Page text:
• the cancer has spread to your liver or the lining of your abdomen (tummy area)
  • the cancer has grown into or around the blood vessels near the pancreas which means that it can’t be removed.

If this happens, the surgeon may do a different operation called bypass surgery. This type of surgery won’t remove the cancer, but it can help control any symptoms. After bypass surgery you may be able to have chemotherapy to help manage the cancer.

Questions about your treatment

Speak to your doctor or nurse about whether surgery is an option for you, and whether you will have chemotherapy and radiotherapy.

You can also speak to our specialist nurses on our free Support Line with any questions about your treatment or getting a second opinion.

Speak to our nurses
PCUK Specialist Nurse, Dianne Dobson, taking a Support Line call on the phone

What is bypass surgery?

During surgery the surgeon will connect the stomach or the bile duct to the small intestine. This allows food to pass from the stomach to the small intestine, or stops the bile duct getting blocked.

Bypass surgery is a major operation. Recovery can take two to three months, or sometimes longer. We have information about what happens after surgery, side effects, and going home after your operation, which may be helpful for you.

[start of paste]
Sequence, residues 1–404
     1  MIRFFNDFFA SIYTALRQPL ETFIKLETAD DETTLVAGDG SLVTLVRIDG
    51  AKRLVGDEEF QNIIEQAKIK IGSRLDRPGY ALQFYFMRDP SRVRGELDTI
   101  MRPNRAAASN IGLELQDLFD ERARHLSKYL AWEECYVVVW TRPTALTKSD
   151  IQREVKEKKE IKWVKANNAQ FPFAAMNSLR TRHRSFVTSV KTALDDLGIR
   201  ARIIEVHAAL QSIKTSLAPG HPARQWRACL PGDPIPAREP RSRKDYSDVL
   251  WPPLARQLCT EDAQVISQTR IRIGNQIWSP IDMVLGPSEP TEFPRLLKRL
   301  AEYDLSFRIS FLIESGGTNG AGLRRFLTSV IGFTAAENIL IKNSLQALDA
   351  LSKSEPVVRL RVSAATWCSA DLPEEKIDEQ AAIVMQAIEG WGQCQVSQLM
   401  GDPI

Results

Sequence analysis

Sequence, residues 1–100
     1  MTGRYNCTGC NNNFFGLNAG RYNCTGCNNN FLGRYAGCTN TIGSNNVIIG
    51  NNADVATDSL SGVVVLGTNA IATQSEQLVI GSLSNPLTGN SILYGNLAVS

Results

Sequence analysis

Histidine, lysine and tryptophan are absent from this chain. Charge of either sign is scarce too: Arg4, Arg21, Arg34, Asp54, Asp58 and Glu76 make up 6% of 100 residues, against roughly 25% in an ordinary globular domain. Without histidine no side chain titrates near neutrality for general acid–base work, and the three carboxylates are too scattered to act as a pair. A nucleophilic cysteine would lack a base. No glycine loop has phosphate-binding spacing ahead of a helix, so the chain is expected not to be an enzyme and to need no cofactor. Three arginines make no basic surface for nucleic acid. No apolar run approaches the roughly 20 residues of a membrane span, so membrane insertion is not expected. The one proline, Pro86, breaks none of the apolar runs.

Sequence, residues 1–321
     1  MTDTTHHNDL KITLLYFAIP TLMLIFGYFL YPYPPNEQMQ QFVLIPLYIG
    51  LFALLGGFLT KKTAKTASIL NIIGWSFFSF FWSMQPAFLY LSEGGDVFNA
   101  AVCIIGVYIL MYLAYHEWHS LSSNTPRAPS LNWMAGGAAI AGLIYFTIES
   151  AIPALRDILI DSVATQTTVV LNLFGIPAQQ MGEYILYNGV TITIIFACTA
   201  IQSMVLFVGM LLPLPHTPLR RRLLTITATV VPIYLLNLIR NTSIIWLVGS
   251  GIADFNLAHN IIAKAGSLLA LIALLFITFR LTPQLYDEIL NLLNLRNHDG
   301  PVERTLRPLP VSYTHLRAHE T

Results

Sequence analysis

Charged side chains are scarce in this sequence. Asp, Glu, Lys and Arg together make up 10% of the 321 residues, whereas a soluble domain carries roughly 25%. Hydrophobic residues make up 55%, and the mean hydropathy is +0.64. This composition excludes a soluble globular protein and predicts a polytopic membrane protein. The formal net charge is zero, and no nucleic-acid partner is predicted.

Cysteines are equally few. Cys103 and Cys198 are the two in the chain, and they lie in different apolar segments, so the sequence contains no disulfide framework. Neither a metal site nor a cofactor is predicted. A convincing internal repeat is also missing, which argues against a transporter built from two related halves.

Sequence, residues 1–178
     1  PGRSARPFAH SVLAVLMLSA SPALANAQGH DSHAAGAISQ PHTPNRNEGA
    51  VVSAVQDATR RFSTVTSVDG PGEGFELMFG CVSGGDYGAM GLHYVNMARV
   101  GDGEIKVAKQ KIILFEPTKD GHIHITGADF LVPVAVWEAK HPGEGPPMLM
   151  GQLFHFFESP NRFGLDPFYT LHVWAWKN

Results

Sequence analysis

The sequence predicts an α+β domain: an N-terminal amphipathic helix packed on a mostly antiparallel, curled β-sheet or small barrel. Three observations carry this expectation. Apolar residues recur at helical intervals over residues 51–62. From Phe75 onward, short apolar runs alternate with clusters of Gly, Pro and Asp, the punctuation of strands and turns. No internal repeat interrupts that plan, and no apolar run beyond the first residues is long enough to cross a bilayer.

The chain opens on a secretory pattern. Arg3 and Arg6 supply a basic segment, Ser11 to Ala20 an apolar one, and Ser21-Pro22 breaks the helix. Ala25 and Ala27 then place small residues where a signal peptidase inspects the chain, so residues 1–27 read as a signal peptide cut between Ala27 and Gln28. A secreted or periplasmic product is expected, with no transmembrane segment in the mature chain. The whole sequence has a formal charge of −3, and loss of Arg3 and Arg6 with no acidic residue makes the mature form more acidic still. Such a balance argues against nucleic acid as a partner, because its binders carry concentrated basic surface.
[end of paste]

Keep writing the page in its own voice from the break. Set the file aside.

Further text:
It can be upsetting to find out that it wasn’t possible to remove the cancer. We are here for you. Read about the support available.

Questions to ask your doctor or nurse


  • Can I have surgery to remove the cancer?
  • Is the cancer affecting any major blood vessels?
  • Will I need to have chemotherapy or radiotherapy before or after my surgery?
  • What happens if the surgeon finds that they can’t remove the cancer as planned?

Read more

If you have just been diagnosed with pancreatic cancer that can be removed, you can download our booklet for more information: Pancreatic cancer that can be removed by surgery: A guide if you have just been diagnosed 

Read about chemotherapy in our fact sheet, Chemotherapy for pancreatic cancer.

You can also order these, and many of our other publications, in hard copy for free.

Order our free publications
packs of PCUK information

Published November 2021

Review date November 2023